Newsflash: “profoundly troubling signs from human activities”

Nov 15th, 2019 | By | Category: Climate Change

By Suzanne York.

[Photo credit: Creative Commons]

Air pollution in Kuala Lampur, Malaysia [Photo credit: Creative Commons]

As New Delhi chokes from off-the-charts air pollution levels, parts of Australia, Brazil and California burn, and countries in Europe flood, a timely warning on climate change from some 11,000 scientists was released.

The scientists’ alarm was first sounded 40 years ago and in most years since then.  But too many people have been blithely ignorant or simply choosing to ignore the signs.  Yet it should be pretty obvious that we are way past disregarding warnings.  We are, according to the scientists, inflicting  “untold suffering due to the climate crisis” to Earth’s inhabitants, and they are shouting to the rafters that there is no time to lose.

We Have a Climate Emergency

The statement, a collaboration of dozens of scientists and endorsed, as noted above, by an additional 11,000 from 153 nations, includes a number of urgently needed actions to take for a thriving planet.

Known as the Alliance of World Scientists, their statement of alarm stands out for two reasons though – for finally mentioning the impact of human population growth and raising the problems with pushing GDP growth on a planet with finite resources.

This is what was written about why population growth must be addressed:

Still increasing by roughly 80 million people per year, or more than 200,000 per day (figure 1a–b), the world population must be stabilized—and, ideally, gradually reduced—within a framework that ensures social integrity. There are proven and effective policies that strengthen human rights while lowering fertility rates and lessening the impacts of population growth on GHG emissions and biodiversity loss. These policies make family-planning services available to all people, remove barriers to their access and achieve full gender equity, including primary and secondary education as a global norm for all, especially girls and young women.

Here is the point about economic growth:

Excessive extraction of materials and overexploitation of ecosystems, driven by economic growth, must be quickly curtailed to maintain long-term sustainability of the biosphere. We need a carbon-free economy that explicitly addresses human dependence on the biosphere and policies that guide economic decisions accordingly. Our goals need to shift from GDP growth and the pursuit of affluence toward sustaining ecosystems and improving human well-being by prioritizing basic needs and reducing inequality.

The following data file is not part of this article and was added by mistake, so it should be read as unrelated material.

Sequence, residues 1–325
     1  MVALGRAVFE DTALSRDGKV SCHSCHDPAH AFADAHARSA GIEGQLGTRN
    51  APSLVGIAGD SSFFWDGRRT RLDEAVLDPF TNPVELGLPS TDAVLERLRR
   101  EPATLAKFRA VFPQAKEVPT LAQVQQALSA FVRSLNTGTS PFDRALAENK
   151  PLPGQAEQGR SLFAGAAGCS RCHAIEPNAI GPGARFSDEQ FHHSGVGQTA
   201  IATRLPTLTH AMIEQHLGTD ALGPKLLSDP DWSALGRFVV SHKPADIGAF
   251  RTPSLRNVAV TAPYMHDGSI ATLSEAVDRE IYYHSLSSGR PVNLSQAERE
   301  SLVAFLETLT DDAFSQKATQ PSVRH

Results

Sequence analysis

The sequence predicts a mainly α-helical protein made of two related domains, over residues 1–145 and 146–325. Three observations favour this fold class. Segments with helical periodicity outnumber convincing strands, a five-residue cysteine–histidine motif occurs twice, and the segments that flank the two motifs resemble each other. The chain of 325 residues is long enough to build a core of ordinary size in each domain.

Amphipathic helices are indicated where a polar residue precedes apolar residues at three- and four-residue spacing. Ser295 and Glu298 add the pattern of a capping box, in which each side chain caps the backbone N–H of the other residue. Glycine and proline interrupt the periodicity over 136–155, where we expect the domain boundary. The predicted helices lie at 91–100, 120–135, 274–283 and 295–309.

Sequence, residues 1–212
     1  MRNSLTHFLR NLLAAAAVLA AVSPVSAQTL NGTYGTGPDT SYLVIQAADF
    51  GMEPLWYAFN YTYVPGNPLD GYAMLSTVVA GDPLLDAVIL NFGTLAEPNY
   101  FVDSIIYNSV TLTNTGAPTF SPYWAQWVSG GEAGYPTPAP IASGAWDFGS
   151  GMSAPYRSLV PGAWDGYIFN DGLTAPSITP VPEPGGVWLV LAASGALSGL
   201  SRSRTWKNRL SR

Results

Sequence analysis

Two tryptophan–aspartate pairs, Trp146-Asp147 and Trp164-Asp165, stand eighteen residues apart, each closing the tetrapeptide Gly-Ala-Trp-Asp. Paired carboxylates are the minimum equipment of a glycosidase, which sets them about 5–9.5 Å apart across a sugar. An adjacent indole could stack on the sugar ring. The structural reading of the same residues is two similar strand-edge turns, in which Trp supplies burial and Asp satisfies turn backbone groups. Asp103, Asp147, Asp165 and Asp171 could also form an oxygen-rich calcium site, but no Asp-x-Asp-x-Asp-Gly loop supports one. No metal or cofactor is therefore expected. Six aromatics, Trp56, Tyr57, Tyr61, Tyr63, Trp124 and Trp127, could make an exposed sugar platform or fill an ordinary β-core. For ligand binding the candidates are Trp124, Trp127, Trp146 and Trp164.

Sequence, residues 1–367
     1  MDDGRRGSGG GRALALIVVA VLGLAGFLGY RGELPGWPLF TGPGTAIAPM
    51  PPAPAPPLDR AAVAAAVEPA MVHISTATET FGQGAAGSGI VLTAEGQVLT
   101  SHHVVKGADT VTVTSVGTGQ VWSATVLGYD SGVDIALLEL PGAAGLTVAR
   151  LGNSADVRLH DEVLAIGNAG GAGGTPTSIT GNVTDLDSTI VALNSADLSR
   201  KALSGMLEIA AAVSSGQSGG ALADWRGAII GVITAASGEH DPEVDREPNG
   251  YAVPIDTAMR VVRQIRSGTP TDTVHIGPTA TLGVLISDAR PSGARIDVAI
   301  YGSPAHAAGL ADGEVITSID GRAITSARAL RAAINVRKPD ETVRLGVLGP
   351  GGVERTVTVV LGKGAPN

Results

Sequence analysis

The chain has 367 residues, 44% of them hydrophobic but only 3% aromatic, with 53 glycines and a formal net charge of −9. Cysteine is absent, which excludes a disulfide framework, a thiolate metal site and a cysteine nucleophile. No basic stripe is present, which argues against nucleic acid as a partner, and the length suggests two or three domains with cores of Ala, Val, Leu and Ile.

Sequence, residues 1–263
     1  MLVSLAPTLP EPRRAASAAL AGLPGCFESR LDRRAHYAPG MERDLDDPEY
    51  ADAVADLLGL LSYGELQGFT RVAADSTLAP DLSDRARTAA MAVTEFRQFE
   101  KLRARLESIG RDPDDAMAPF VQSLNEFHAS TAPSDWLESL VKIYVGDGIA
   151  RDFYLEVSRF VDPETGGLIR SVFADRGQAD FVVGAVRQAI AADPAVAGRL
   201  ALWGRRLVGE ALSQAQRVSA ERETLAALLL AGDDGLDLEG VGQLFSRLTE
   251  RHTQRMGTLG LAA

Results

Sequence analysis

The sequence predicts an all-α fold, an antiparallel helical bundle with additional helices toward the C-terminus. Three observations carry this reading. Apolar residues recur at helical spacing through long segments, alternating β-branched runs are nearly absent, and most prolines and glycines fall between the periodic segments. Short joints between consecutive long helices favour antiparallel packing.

The graph below lays out the current situation:


graph of scientists warning


The signatories do emphasize that the “climate crisis is closely linked to excessive consumption of the wealthy lifestyle.  Economic and population growth are among the most important drivers of increases in CO2 emissions from fossil fuel combustion.”

Momentum for a Call to Action

It’s encouraging, at this 11th hour, that population impacts are finally being included in statements such as this, and that effective solutions like family planning are being promulgated. Solutions to change and reduce consumption and pursue alternative economies must be included, as the scientists clearly acknowledge. However, it is far easier to make sure that women have full access to voluntary, free and effective methods of contraception than it is to reduce consumption.  The UN reportsthat more than 230 million women want to prevent pregnancy but are not using modern contraception.  Meeting this need is an obvious effort to undertake.

Sadly, especially in the United States, policies that help women and the environment are being rolled back.  Case in point – the U.S. has halted funding for the United Nations Population Fund (UNFPA), which works in more than 150 countries to increase access to contraceptives and provide emergency maternal and reproductive health services, amongst other things.  And on the climate front, the U.S. has officially pulled out of the Paris climate agreement.

Perhaps with 11,000 scientists and many more raising their voices on the need to reverse course, more people will hear and understand the crises facing our world, and make their own calls to action.

Humans are part of the web of life.  Regarding population and consumption/unsustainable economic growth, we have to address both for the sake of human and planetary health. We need access to voluntary family planning and reproductive health services, an end to child marriage, support for women’s rights and human rights, provide education for girls and boys, reduce unsustainable and inequitable consumption, acknowledge rights for nature, and focus on alternative economies that actually provide benefits to local communities. Then, maybe someday we’ll have a world in balance for both people and nature.

Or to take from the scientists’ warning – “To secure a sustainable future, we must change how we live.”


Suzanne York is Director of Transition Earth.

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